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Mindset Board Game

written by Simon Leow April 2, 2018

Simon Leow, MAPP '15, is interested in innovative applications of positive psychology ideas. That is why he created the Mindset Board Game. He is passionate about helping others cultivate well-being from within. Visit his web site, Happiness Initiative His articles can be found here.



The Mindset Board Game (MBG) is the first of its kind in the world. It seeks to help players discover the differences between growth and fixed mindsets. Our journey to create MBG can be summarized with four key ideas: purpose, failure, play, and skilled facilitation.

Purpose: Discovery Through Game Play

Long time ago, we went around spreading Carol Dweck’s ideas on growth and fixed mindsets. Suddenly, we thought, “Wouldn’t it be nice if people could play a game and discover the differences all by themselves?” All we needed to do is ask a few questions after the game to facilitate their self-discovery. With this purpose in mind, we created the Mindset Board Game.

The creation of the MBG was itself a growth mindset journey.

Creating the Mindset Board Game – A Growth Mindset Journey

Failure Leads to Learning

So we thought, “It took us many rounds of failing and revision before arriving at the current board game, the sixth version to date. That’s a growth mindset in action.”

With an earlier design, we had a problem. Adults and children play differently. The adults appreciated a more complex game mechanics while children loved something simpler. How do we create a board game to address something as abstract as mindset that meets the needs of both adults and children?

Finally, we came up with a solution. The MBG has two versions of cards: Basic and Advanced. The board is designed to accommodate both versions. So, just by changing the decks of cards from Basic to Advanced and using different rules, the MBG can accommodate a more complex game play. Wow. That creative solution came about because we failed the first time.

An Earlier Version – which took a lot of explaining

The earlier version was too complex. We tested on a group of 60 teenagers and to make matter worse, English was their foreign language. The 1.5-hour game play was very painful for us. We had to translate and to explain the rules repeatedly. We thought it was a disaster. But when the survey came back, we were surprised. More than 80% of the students wanted to play the board game again.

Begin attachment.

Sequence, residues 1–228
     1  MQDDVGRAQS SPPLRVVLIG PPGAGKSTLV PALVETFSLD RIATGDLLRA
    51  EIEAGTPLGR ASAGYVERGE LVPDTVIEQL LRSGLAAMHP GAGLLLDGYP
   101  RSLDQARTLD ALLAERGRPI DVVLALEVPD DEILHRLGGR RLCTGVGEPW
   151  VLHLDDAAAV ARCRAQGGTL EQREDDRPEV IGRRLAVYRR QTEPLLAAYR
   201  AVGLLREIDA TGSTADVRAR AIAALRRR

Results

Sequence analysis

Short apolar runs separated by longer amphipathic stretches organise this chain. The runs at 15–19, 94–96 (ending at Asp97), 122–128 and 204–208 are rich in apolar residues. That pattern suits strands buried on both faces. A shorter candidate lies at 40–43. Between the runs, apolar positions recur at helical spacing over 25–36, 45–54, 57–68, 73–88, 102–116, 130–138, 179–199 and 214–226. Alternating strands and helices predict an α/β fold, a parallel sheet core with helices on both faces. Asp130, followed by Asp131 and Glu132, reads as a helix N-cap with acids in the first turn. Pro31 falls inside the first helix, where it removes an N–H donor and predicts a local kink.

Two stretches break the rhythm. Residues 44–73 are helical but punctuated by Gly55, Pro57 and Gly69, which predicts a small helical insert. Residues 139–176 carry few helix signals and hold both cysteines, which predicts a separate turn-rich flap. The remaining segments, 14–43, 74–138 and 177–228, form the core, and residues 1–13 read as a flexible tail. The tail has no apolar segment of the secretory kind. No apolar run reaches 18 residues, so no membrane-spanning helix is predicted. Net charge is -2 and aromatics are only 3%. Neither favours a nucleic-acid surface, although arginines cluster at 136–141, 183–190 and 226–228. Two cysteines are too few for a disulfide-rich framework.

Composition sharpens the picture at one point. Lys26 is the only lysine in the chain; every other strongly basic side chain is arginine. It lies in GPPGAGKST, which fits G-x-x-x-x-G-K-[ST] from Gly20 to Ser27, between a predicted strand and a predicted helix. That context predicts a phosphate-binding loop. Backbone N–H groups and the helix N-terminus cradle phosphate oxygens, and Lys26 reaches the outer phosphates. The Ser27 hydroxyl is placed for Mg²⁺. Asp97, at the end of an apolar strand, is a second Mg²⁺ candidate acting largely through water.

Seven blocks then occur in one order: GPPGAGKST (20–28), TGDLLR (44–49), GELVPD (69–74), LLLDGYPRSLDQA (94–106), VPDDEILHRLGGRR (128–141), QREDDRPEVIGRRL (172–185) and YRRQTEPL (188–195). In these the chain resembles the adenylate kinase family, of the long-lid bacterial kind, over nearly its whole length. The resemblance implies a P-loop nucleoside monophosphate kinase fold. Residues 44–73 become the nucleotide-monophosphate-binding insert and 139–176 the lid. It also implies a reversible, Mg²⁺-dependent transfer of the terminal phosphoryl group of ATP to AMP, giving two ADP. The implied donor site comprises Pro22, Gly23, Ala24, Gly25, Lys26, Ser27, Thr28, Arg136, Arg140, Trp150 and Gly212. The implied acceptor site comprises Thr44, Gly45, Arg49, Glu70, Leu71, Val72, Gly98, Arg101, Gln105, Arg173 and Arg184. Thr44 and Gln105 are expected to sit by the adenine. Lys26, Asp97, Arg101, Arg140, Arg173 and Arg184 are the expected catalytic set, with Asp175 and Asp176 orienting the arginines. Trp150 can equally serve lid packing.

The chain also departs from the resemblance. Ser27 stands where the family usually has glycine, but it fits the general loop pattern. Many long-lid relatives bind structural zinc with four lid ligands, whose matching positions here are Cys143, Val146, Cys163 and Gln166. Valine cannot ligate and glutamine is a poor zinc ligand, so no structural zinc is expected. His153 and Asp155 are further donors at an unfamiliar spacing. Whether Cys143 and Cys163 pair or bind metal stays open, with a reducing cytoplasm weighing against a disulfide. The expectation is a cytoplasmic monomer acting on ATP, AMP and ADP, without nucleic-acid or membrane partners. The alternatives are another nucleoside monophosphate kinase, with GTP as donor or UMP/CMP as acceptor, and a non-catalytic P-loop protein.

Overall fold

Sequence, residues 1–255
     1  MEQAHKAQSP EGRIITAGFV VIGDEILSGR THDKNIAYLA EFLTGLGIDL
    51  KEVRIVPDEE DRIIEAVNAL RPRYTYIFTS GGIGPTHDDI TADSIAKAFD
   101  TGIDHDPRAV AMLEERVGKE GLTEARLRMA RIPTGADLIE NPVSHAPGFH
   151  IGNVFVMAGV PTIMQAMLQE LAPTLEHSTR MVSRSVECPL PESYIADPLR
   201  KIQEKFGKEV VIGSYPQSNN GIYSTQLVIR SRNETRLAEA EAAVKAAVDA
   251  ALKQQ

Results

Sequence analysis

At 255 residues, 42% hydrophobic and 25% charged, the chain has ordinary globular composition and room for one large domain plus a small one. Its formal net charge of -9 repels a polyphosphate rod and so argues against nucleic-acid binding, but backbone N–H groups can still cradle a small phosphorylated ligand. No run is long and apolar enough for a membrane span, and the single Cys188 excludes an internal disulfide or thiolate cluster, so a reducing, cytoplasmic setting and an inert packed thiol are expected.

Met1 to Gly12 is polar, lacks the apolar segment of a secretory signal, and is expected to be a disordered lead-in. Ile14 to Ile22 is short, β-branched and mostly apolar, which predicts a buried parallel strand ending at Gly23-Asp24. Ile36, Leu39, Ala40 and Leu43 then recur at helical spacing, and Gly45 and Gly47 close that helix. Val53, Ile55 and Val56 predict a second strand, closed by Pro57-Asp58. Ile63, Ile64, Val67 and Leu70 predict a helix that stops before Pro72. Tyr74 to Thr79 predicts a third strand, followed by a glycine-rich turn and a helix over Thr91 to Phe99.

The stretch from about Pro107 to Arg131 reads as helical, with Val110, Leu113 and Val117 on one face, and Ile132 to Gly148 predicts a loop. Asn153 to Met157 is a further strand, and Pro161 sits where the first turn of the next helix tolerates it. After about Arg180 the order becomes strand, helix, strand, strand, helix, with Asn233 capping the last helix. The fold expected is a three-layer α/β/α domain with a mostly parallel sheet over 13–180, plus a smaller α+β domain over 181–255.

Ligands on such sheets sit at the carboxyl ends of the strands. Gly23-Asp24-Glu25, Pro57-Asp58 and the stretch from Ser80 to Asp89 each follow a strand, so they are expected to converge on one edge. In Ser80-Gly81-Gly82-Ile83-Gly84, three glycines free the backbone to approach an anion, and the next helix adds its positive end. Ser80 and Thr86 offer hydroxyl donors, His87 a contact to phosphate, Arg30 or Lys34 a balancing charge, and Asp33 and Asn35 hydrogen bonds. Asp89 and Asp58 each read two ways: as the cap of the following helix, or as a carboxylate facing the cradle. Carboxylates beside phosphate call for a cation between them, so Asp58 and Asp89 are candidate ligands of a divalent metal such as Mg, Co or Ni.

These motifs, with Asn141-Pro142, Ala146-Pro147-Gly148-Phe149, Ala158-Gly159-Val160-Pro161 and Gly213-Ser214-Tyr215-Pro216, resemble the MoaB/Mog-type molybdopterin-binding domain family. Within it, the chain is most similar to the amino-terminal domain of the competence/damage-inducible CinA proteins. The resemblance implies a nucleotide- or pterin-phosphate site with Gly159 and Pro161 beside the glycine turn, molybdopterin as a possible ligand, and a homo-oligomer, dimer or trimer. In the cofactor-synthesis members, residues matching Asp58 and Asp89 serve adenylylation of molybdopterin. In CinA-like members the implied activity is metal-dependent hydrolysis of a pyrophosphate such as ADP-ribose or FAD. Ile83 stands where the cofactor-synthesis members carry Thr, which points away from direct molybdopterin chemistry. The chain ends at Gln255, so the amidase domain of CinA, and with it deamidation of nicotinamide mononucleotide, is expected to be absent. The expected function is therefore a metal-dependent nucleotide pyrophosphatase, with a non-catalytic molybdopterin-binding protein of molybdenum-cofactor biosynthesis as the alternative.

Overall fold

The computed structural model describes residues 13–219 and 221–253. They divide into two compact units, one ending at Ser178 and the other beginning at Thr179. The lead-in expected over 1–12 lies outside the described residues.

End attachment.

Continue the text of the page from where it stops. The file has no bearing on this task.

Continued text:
Why would they want to play something again when they had a hard time understanding what was written on the cards?

Play – More Serious Than We Give Credit For

We realize that there was something special about it being a game. Participants are easily engaged by play. In a review of 24 studies by Hamari, Koivisto, and Sarsa, the motivational elements, such as achievement points, challenge, and goals, are features of the MBG. As a result, participants are easily engaged.

Students were actively engaged through play.

If we run a workshop, participants are not likely to want to listen to the workshop content again.

But when it is a game, participants want to play it again. It always warms our hearts when at the end of the game session, participants, particularly children, ask, “When can we play the board game again?” It means we have another opportunity to help the participants internalize the idea of a growth mindset.

Key: Skillful Facilitation

The Mindset Board Game has great potential that can be unlocked with skillful facilitation.

It can be used it in a mass group setting, playing with over 200 children. The feeling can be electrifying, as shown in the video clip.

(Click here to view on Youtube.)

It can be used as a coaching tool for a small group setting. Participants can relate the concepts to many scenarios. If there is a trained and skillful facilitator, the game will be peppered with meaningful conversations.

Adults learning through the Mindset Board Game.

By changing the Basic cards to the Advanced cards and using the advanced rules, participants can experience a more complex game play. Even adults can learn through play.

Conclusion – Plus Ultra
Purpose, Failure, Play, Facilitation. These four ideas summarized our Mindset Board Game journey. From having a purpose, to experiencing failure, to appreciating the seriousness of play, and to finally gaining insights into the power of facilitation as a key, we have come a long way.

We have recently been successful in helping participants translate ideas gleaned from the Mindset Board Game to an outdoor game setting. Now our focus is in helping participants translate these ideas into their daily interactions. We have come this far. We will go further – Plus Ultra.

 


 
Editor’s Clarification
We originally showed Mindset® in the title and throughout the piece. Simon let us know that the logo made with the word Mindset used on game materials is a registered trademark, but of course the word Mindset is not trademarked.

References

Dweck, C. (2007). Mindset: The New Psychology of Success. New York: Ballantine Books.

Hamari, J., Koivisto, J., & Sarsa, H. (2014). Does gamification work? A literature review of empirical studies on gamification. , 47th Hawaii International Conference on System Sciences (HICSS). DOI: 10.1109/HICSS.2014.377. Abstract.

Image credits
Images are used with permission from the author.

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